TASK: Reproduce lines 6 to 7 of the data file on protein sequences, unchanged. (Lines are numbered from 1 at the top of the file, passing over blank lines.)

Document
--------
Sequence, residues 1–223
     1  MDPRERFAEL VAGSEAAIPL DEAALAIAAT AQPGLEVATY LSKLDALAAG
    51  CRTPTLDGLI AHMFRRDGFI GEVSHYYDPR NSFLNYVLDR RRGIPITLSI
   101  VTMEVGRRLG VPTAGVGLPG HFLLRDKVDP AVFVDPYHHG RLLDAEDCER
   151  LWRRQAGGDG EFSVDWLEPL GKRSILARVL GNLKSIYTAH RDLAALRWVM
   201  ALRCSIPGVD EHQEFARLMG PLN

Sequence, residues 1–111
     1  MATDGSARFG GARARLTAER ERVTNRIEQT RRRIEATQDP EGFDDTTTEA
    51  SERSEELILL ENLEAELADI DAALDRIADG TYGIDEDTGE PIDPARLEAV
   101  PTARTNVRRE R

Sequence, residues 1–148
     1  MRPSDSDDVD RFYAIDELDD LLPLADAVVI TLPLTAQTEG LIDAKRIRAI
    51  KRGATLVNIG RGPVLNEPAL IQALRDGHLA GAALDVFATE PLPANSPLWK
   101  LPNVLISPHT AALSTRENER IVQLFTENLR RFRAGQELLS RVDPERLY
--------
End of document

   201  ALRCSIPGVD EHQEFARLMG PLN

Sequence, residues 1–111